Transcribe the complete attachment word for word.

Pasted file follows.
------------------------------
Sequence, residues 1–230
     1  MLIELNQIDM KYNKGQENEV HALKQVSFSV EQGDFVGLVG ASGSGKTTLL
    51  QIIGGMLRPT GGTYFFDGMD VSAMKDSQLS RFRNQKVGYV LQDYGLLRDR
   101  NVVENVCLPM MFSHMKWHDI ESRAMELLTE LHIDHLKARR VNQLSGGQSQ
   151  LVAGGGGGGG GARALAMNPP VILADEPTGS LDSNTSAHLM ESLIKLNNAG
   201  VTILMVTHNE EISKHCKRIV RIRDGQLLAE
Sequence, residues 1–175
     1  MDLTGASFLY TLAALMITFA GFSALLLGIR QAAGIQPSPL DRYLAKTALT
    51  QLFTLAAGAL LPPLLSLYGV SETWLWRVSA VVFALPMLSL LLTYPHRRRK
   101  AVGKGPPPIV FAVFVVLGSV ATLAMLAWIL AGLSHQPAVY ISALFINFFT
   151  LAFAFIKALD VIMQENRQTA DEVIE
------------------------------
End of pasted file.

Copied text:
Sequence, residues 1–230
     1  MLIELNQIDM KYNKGQENEV HALKQVSFSV EQGDFVGLVG ASGSGKTTLL
    51  QIIGGMLRPT GGTYFFDGMD VSAMKDSQLS RFRNQKVGYV LQDYGLLRDR
   101  NVVENVCLPM MFSHMKWHDI ESRAMELLTE LHIDHLKARR VNQLSGGQSQ
   151  LVAGGGGGGG GARALAMNPP VILADEPTGS LDSNTSAHLM ESLIKLNNAG
   201  VTILMVTHNE EISKHCKRIV RIRDGQLLAE
Sequence, residues 1–175
     1  MDLTGASFLY TLAALMITFA GFSALLLGIR QAAGIQPSPL DRYLAKTALT
    51  QLFTLAAGAL LPPLLSLYGV SETWLWRVSA VVFALPMLSL LLTYPHRRRK
   101  AVGKGPPPIV FAVFVVLGSV ATLAMLAWIL AGLSHQPAVY ISALFINFFT
   151  LAFAFIKALD VIMQENRQTA DEVIE